Articles | Volume 6, issue 1
SOIL, 6, 131–144, 2020
https://doi.org/10.5194/soil-6-131-2020
SOIL, 6, 131–144, 2020
https://doi.org/10.5194/soil-6-131-2020

Original research article 06 Apr 2020

Original research article | 06 Apr 2020

Ramped thermal analysis for isolating biologically meaningful soil organic matter fractions with distinct residence times

Jonathan Sanderman and A. Stuart Grandy

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Interactive discussion

Status: closed
Status: closed
AC: Author comment | RC: Referee comment | SC: Short comment | EC: Editor comment
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Peer-review completion

AR: Author's response | RR: Referee report | ED: Editor decision
ED: Publish subject to minor revisions (review by editor) (17 Jan 2020) by Kristof Van Oost
AR by Jonathan Sanderman on behalf of the Authors (17 Jan 2020)  Author's response    Manuscript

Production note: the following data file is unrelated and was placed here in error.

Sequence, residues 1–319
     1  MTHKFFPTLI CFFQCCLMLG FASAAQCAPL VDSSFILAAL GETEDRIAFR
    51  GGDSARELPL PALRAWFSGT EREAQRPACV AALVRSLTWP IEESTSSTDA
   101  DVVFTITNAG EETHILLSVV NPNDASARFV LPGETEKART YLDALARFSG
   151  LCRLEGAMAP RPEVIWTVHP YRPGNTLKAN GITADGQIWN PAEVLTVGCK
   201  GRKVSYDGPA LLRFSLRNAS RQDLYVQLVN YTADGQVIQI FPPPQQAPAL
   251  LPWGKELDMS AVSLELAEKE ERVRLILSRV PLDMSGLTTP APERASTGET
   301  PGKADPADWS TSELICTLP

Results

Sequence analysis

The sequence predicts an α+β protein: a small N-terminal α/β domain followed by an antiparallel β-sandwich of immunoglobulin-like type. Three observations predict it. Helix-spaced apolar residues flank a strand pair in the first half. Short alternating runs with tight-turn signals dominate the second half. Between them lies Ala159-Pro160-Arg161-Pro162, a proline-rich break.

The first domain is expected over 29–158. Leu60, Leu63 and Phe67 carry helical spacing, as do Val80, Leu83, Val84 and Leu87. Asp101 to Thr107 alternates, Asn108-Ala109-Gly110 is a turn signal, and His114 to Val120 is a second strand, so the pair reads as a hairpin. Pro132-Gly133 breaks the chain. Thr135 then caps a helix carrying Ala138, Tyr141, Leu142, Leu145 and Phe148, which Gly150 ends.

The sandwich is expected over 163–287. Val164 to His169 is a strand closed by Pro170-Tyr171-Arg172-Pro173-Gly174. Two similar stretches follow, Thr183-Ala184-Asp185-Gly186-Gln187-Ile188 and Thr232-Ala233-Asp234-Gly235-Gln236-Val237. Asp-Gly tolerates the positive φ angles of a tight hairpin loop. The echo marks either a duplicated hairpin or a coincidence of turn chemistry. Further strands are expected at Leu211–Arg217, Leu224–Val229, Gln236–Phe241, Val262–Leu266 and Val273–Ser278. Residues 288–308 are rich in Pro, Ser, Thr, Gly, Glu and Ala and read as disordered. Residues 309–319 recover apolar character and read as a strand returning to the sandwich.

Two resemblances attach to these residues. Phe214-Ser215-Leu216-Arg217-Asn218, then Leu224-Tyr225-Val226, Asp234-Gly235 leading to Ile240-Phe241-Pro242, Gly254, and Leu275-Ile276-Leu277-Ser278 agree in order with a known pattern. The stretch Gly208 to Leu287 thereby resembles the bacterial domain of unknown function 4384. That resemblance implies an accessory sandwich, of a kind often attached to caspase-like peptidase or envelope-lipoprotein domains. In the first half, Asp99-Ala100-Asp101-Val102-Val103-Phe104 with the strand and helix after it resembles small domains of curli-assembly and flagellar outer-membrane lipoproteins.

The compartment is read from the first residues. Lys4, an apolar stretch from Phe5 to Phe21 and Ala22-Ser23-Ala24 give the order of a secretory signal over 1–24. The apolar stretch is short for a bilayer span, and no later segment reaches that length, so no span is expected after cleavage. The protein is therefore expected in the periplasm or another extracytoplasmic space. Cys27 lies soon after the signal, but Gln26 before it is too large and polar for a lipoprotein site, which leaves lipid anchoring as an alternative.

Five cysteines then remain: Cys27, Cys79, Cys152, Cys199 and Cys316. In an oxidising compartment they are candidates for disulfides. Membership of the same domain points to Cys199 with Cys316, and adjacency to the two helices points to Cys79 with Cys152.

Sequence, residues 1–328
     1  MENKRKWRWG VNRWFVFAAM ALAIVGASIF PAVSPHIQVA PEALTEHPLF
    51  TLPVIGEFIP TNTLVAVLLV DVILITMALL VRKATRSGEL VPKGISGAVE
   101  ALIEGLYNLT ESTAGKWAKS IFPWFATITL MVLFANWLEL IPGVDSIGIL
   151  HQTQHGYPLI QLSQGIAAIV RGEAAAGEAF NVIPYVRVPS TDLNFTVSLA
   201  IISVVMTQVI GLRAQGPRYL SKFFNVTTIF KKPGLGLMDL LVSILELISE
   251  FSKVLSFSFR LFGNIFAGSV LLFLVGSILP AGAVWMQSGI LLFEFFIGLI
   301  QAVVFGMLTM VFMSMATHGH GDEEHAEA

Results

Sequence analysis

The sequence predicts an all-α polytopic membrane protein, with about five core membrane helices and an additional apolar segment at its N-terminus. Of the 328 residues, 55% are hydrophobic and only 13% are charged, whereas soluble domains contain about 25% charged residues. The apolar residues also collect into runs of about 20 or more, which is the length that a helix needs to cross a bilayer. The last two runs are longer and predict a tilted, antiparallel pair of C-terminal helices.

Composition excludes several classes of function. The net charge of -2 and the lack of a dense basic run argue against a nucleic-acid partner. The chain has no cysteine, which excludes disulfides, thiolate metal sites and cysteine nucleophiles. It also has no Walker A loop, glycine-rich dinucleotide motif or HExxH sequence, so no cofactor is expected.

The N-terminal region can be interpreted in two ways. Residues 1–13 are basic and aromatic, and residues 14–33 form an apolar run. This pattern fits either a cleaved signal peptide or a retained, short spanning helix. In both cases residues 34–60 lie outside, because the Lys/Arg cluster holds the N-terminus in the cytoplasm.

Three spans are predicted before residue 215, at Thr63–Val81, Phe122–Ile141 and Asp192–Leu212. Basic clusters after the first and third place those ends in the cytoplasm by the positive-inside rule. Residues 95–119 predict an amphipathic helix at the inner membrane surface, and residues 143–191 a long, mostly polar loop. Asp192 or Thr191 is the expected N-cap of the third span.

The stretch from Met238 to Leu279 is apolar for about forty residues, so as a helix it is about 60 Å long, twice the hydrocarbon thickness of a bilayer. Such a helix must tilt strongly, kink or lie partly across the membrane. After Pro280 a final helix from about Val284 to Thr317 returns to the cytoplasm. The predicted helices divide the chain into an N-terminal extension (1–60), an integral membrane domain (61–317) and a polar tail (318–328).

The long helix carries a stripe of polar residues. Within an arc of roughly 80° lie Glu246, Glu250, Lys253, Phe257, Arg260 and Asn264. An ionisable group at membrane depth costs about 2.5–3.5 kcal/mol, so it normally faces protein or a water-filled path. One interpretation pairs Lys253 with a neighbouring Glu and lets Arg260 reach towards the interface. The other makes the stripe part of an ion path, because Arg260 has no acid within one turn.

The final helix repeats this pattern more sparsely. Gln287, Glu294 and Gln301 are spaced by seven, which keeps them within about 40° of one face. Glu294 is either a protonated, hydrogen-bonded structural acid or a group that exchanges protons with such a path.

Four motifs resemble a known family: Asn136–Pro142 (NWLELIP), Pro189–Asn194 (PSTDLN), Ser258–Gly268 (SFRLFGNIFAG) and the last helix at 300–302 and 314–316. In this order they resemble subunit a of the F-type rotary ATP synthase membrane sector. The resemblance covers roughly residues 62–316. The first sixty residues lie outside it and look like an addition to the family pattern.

ED: Publish subject to minor revisions (review by editor) (01 Feb 2020) by Steven Sleutel
AR by Jonathan Sanderman on behalf of the Authors (17 Feb 2020)  Author's response    Manuscript
ED: Publish as is (19 Feb 2020) by Steven Sleutel
ED: Publish as is (19 Feb 2020) by Kristof Van Oost(Executive Editor)

Post-review adjustments

AA: Author's adjustment | EA: Editor approval
AA by Jonathan Sanderman on behalf of the Authors (27 Mar 2020)   Author's adjustment   Manuscript
EA: Adjustments approved (02 Apr 2020) by Steven Sleutel
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Short summary
Soils contain one of the largest and most dynamic pools of carbon on Earth, yet scientists still struggle to understand the reactivity and fate of soil organic matter upon disturbance. In this study, we found that with increasing thermal stability, the turnover time of organic matter increased from decades to centuries with a concurrent shift in chemical composition. In this proof-of-concept study, we found that ramped thermal analyses can provide new insights for understanding soil carbon.